Convention planners and city officials emphasize that they are prepared for the Republican gathering and the crowds it will attract.

The Cleveland police chief said Friday that after the Dallas shooting the city would be changing its security plans but did not go into detail. Dan Williams, a spokesman for Mayor Frank G. Jackson, also declined to describe how Dallas had reshaped the Cleveland’s security plans, or whether officials were concerned about the state’s gun laws.

“We are going to follow the law and the law is the law period,” Williams said. “We believe that we are prepared.”

Meanwhile, some are planning to take their own security forces to Cleveland.

Tim Selaty, director of operations at Citizens for Trump, said his group was paying for private security to bolster the police presence. While Selaty said people should be allowed to carry guns, his group is banning long weapons from a rally in a park it is hosting on Monday.

“We’re going to insist that they leave any long arms out for sure because we believe that will make sure our people are safer,” he said. “In other words, no AR-15s, no shotguns or sniper rifles — all of the things that you would think somebody would bring in to hurt a lot of people in a very short time.”

But, he said, he does generally believe civilians being armed make for a safer environment and that he “can’t blame” people who are scared because of Dallas and want to come to Cleveland armed.

“It’s every citizen’s right to be able to defend themselves and their family and I believe that an open carry society is a much politer society,” Selaty said. “Regardless of whether I’m at a rally for Donald Trump or I’m walking down the street, I would rather have my gun with me than not. You know, it’s better to have a gun when you need one, than need one and not have one.”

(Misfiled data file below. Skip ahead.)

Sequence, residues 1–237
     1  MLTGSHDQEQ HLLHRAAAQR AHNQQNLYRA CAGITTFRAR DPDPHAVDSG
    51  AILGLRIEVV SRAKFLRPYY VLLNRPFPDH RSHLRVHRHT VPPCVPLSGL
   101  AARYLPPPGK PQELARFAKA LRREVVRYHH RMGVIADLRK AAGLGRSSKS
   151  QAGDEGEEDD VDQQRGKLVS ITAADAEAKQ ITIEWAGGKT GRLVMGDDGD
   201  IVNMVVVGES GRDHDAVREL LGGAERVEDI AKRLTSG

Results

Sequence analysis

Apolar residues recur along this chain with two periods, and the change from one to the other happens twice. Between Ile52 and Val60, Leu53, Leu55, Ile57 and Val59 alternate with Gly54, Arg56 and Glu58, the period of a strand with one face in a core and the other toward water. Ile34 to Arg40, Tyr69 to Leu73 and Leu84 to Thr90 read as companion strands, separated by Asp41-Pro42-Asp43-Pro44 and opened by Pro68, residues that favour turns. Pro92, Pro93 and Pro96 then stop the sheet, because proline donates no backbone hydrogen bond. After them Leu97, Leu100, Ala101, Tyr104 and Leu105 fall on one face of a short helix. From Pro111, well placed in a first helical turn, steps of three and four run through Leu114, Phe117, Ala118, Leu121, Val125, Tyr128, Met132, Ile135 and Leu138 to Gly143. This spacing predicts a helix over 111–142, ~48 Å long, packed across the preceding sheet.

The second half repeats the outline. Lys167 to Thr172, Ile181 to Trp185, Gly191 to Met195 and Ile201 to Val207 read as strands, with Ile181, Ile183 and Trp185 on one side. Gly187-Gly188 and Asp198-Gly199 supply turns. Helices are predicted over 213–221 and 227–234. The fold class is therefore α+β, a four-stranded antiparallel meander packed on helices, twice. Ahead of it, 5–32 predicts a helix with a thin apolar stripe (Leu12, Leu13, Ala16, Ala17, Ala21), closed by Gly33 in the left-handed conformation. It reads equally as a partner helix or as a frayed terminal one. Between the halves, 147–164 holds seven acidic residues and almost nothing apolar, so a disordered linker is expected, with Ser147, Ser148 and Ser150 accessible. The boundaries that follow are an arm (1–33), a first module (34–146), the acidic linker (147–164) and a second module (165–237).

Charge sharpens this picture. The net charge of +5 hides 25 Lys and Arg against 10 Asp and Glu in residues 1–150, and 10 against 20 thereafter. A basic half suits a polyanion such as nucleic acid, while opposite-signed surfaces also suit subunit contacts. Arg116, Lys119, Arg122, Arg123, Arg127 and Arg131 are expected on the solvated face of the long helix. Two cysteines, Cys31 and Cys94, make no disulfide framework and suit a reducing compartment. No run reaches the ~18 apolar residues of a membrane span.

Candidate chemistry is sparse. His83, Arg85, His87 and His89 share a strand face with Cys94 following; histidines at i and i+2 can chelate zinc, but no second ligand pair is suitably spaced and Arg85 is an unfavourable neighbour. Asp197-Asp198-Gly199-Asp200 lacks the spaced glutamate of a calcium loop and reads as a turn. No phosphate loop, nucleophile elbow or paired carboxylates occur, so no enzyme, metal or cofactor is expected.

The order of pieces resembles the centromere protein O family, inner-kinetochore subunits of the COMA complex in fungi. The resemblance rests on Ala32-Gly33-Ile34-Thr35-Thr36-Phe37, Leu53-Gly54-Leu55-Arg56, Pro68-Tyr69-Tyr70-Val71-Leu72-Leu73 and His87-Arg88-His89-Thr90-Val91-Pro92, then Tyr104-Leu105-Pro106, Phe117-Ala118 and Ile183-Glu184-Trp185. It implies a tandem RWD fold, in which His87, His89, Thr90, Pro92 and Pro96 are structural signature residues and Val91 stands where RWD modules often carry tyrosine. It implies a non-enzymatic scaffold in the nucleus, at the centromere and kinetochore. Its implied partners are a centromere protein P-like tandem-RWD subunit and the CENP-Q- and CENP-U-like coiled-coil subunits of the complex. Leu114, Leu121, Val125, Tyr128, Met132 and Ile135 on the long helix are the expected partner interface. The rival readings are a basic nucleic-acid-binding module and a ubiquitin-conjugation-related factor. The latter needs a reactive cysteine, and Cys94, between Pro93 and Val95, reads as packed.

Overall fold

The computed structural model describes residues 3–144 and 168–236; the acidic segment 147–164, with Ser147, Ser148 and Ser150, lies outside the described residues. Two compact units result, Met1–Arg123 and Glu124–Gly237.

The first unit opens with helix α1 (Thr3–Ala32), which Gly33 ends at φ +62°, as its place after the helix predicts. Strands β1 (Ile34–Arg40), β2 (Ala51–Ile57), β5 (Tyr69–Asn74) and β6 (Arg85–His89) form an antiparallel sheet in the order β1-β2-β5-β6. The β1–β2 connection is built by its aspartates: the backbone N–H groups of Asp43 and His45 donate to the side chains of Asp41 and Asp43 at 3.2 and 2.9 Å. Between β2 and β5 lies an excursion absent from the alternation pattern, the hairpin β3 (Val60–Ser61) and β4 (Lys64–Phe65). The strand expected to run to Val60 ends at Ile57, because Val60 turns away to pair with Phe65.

The groups coming to Cleveland represent a broad spectrum of views. Some want simply to celebrate Trump’s nomination; others identify as white supremacists and believe Trump will help advance their views.

Large marches are also planned by liberal and progressive groups who see Trump as a demagogue and his candidacy as a danger to democracy. And some groups are coming with more encompassing causes, such as alleviating poverty, ending military interventions abroad and working on ways to combat institutional racism.

In an interview, Jackson said that anyone coming to the city should feel confident that officials and the police will deal with whatever circumstances “appropriately.” He added that the authorities do not plan to “overpolice,” but that they have the proper equipment and personnel needed should emergencies arise.

“The city of Cleveland is going to conduct itself in a way to have a safe convention for the delegates, for the visitors, for protesters, for demonstrators, and if you come to Cleveland you should feel safe,” Jackson said. “People have a right to exercise constitutional rights. They have a right to do that and we have an obligation to protect that. What people don’t have a right to do is hurt other people or tear up property.”